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Large and Small Businesses
When employment is concentrated in a small number of large businesses, the closure of a single business can have a significant impact on the local economy. Businesses employing more than 500 people – large businesses – represent about half the state’s employment, but only about 42 percent of employment in the Mountain Resources Commission (MRC) region. Conversely, this illustrates the relative importance of small businesses in the MRC region.
Wilkes and McDowell Counties have the highest percentage of employment at businesses with more than 500 employees, at 57 percent and 54 percent, respectively. Small businesses represent more than 75 percent of employment in four MRC region counties – Avery, Macon, Clay, and Alleghany.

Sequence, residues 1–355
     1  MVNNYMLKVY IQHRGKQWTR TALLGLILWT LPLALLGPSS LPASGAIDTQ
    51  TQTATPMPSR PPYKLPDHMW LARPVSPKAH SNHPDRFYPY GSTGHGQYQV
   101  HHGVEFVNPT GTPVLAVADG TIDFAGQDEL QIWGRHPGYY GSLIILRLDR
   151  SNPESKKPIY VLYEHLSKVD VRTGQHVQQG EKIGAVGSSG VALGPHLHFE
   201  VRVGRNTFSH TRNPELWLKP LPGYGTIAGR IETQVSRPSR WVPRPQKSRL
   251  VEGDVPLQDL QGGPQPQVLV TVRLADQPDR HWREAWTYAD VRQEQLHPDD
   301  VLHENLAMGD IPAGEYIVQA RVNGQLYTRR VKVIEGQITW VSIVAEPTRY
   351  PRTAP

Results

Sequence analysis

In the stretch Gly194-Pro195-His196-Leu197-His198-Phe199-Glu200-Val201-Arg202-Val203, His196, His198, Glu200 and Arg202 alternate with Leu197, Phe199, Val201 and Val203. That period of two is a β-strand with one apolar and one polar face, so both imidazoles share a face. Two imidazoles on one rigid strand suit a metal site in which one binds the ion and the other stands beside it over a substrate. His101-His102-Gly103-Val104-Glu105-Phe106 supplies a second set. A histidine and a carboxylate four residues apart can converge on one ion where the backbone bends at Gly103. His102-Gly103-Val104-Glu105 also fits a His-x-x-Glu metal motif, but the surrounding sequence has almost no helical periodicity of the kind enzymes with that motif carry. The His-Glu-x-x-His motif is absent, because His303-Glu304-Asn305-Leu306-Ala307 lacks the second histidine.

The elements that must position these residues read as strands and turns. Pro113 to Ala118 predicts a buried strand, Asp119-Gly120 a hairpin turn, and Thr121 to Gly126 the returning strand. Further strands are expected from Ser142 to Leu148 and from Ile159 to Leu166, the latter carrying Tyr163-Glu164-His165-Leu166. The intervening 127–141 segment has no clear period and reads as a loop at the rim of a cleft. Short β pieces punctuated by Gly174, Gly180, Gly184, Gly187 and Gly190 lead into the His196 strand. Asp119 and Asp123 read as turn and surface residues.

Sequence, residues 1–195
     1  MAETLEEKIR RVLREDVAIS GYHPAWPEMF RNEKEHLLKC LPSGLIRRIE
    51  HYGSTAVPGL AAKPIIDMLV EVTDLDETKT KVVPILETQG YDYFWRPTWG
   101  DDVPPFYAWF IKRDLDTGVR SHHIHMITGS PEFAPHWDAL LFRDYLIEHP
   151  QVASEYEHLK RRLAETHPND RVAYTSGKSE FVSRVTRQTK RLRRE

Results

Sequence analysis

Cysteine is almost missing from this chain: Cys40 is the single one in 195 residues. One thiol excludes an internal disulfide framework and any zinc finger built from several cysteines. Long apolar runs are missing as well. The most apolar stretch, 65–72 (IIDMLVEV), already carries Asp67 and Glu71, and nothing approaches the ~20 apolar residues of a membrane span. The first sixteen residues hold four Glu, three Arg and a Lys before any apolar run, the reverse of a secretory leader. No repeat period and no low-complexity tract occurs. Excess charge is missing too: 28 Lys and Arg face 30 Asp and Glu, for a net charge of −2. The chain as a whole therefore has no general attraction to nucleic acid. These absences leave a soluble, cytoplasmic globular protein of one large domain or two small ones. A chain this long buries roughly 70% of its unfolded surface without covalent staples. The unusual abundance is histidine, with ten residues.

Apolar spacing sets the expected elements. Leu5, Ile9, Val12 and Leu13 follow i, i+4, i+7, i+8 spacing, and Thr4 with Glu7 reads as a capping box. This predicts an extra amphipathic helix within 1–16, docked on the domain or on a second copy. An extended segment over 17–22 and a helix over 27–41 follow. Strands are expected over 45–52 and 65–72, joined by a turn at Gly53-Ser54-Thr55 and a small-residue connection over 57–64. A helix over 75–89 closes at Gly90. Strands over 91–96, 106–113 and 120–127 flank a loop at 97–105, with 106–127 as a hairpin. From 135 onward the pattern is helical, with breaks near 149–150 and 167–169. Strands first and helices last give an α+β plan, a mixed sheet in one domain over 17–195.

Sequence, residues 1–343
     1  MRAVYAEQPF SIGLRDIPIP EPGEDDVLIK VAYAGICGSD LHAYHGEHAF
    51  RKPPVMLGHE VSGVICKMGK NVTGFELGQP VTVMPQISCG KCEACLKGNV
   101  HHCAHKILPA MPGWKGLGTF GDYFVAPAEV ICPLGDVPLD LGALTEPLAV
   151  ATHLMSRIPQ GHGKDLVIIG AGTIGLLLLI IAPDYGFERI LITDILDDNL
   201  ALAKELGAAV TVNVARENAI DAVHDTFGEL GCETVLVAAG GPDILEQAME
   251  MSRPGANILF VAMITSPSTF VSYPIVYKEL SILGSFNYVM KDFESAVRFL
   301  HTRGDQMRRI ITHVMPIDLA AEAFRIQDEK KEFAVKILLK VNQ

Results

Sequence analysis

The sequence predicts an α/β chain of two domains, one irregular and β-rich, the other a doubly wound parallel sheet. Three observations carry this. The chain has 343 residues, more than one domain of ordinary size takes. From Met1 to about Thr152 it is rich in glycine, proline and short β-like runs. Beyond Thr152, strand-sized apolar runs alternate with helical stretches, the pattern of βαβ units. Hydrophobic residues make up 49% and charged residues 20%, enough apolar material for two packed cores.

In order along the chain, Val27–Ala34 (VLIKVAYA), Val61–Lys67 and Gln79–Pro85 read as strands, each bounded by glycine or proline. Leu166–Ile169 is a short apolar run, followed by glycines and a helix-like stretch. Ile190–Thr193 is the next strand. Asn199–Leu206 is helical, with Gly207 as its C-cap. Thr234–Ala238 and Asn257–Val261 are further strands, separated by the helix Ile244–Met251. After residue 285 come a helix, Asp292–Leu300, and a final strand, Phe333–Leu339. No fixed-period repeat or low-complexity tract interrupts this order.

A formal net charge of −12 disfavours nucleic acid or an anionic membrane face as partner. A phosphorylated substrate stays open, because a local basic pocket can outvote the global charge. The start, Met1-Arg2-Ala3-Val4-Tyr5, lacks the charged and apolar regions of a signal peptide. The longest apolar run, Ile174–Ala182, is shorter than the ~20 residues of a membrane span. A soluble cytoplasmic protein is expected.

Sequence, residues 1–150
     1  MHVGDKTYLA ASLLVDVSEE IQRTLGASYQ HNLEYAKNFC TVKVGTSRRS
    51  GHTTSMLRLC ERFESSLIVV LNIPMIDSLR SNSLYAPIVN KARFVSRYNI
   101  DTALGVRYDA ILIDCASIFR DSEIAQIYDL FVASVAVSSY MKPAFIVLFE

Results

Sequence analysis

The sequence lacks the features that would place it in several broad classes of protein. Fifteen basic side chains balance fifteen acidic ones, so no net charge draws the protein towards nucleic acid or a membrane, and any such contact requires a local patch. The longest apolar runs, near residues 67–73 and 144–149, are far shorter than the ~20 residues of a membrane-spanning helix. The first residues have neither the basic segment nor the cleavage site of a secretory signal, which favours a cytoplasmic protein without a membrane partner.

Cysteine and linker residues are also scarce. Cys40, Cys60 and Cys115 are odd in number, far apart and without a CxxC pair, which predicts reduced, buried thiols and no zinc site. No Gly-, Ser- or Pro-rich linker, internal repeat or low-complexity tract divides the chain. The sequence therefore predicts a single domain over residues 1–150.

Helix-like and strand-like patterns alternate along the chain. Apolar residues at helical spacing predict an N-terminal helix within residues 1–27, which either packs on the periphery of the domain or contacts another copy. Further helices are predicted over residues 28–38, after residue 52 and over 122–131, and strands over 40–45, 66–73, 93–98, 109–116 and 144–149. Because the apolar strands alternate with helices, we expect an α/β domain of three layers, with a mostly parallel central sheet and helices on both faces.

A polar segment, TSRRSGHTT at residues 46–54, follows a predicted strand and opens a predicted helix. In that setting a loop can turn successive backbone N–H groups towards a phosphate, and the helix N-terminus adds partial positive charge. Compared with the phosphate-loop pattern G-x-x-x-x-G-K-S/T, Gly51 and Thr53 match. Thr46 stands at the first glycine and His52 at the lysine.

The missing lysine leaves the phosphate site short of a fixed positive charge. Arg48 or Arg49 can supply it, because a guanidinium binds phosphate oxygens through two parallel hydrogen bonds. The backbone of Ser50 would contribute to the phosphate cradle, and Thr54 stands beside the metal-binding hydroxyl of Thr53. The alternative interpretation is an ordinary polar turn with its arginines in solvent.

Employees of large businesses tend to earn more money that those in small businesses. Pay at large businesses is 32 percent higher than at small businesses statewide, but only 20 percent higher in the MRC region. Between 2000 and 2008, the number of firms in the MRC region with more than 500 employees increased 2.6 percent, while the total number of firms increased more than 7 percent. The highest percentage increase in the number of large firms between 2000 and 2008 was 42.3 percent in Yancey County, while Henderson County had the largest increase by number with 35 more large firms in 2008 than 2000 – 53 percent of the region’s total increase in large firms.
Small businesses, as defined by those having less than 10 employees, accounted for 11 percent of all businesses in the region in 2009. There are considerable differences in relative contribution of small businesses across the region. The greatest concentrations of small businesses are found in the far western counties of Macon (15 percent), Graham (14 percent), and Swain (14 percent). The lowest concentrations are in Polk (8 percent), Madison (9 percent), and Transylvania (9 percent) counties.